Council retains law firm for dirty water

By Sarah Brown
Lebanon Local

Among many items of action during the City Council meeting Dec. 13 were the purchase of property, retention of a lawyer in relation to the Green Peter drawdown, and suspending the process to hire a city manager.

Lebanon may sue the Corps

Following an executive session, which is closed to the public, the council agreed to move forward with plans to retain Markowitz Herbold PC, a Portland-based litigation firm, to pursue litigation as it relates to water quality issues relating to the South Santiam River.

After the US Army Corps of Engineers began its first-ever deep drawdown at Green Peter Reservoir, 56 years worth of accumulated sediment started flushing down the Santiam River, turning the river a coffee-and-cream color from suspended silt so fine that it cannot settle to the bottom. The City of Sweet Home and City of Lebanon both reported the extra costs it’s taking to clean the water for its residents, which has become an unexpected financial burden.

Earlier in the city council meeting, Whitlatch reported turbidity levels are still high, and sediment in their sedimentation basins reached an all-time high.

“Typically we would get six inches or so of sediment over the course of a year,” he said. “We had roughly three feet in the last 40 to 50 days. That’s what we’re filtering out of the raw water that’s coming out of the South Santiam.”

The City of Sweet Home has also announced it will retain Markowitz Herbold PC to pursue litigation against the USACE, and the Linn County Board of Commissioners also made a commitment to pursue litigation.

The City bought a house

City council approved the purchase of a house located at 1185 Airport Road for $327,400 with the foresight that the land may be needed for future installation of a traffic signal. The remodeled house is located on the corner of 12th Street and Airport Road, but would likely be demolished by the City. A 2018 Transportation System Plan identifies the intersection as a possible future location for a signal or roundabout.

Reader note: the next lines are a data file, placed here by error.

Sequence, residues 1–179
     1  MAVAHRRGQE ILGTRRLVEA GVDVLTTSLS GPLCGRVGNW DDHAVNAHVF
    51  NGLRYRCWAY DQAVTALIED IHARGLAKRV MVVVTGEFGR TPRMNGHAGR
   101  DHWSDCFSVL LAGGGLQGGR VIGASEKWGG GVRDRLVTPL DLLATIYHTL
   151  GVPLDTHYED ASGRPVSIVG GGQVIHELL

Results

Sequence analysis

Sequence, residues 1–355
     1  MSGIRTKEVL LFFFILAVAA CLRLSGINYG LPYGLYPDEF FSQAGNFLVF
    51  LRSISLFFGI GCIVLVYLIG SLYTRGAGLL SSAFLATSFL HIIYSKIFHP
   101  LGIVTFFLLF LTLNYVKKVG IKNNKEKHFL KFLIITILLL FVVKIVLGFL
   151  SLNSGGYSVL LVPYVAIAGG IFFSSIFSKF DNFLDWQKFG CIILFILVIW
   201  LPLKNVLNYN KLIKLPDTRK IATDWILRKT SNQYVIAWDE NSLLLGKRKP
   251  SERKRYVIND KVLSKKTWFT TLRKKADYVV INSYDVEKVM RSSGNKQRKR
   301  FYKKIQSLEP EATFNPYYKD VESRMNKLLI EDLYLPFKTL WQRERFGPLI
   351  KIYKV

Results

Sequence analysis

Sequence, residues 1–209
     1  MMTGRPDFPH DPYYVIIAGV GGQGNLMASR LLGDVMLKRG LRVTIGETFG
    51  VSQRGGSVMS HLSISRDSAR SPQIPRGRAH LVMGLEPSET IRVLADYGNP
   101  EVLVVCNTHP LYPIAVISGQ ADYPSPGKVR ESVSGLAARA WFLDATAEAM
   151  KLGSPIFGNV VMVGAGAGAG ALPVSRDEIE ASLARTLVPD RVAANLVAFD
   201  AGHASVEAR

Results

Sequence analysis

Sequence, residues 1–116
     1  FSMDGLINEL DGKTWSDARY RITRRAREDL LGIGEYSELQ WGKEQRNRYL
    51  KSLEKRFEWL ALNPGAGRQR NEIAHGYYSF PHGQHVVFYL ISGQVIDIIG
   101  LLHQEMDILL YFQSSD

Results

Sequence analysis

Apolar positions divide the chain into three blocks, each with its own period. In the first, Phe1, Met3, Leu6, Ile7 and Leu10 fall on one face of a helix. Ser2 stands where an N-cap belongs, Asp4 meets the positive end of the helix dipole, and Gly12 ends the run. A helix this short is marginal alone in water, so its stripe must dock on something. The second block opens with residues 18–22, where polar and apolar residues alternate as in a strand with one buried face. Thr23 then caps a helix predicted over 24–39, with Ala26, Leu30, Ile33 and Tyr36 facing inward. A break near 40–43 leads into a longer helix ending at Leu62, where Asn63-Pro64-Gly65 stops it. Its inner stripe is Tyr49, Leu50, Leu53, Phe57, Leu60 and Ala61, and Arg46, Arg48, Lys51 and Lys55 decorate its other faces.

“We don’t know when that will happen,” Interim City Manager Ron Whitlatch said. “My guess is sooner rather than later based on development inquiries we keep getting and traffic volumes that are happening.”

If the property were to be owned and occupied by a private individual at the time a traffic control device needed to be installed, the City would find itself needing to negotiate with the owner to acquire part of the property, Whitlatch explained.

Linn County just went through a similar process whereby it tried to purchase a portion of privately-owned property at the corner of Airport and Stoltz Hill roads for a traffic control installation, but the owner refused to sell. The County then pursued acquisition through eminent domain.

That is “a really tough pill to swallow,” Whitlatch said regarding the possibility of having to put someone through that. This was an opportunity to avoid those problems, he said. Whitlatch thinks it might cost about $30,000 to demolish the structure, paid for by the transportation fund. The property was purchased through transportation system development funds.

Council puts hold on hiring its next city manager

After sorting through more than 30 applications for the position of city manager, the city council selected two candidates to introduce to the community and conduct further interviews with. They were Brandon Neish (the city’s current finance director) and John Morgan (a former Lebanon resident who is currently pro tem city manager for the City of Gervais).

After all was said and done, however, five of the councilors voted at this meeting to put the search-and-select process on hold until July 2024. Councilor Wayne Dykstra opposed the motion.

In a press release sent Dec. 14, the City stated, “Both candidates have many good qualities and qualifications, and both were very patient as the City navigated through the recruitment process during the holiday season.

“City Council reviewed comments from the community panel, staff and citizens who attended the meet and greet. After the council’s individual interviews and the review of the comments, the council has decided that neither candidate was the right fit for the Lebanon city manager position.”

Whitlatch will continue acting as the interim city manager while the Council determines its next steps.

“While it is a bit of a setback to have not found the exact person this time, it is more important that we make the right decision rather than a hasty decision.”

In other business, the council:

♦ Approved a motion 4-2 to place a referendum on the November 2024 ballot asking voters whether the City should remove fluoride from its water supply. Councilors Wayne Dykstra, Carl Mann, Jeremy Salvage and Dave Workman approved the motion; councilors Michelle Steinhebel and KJ Ullfers opposed.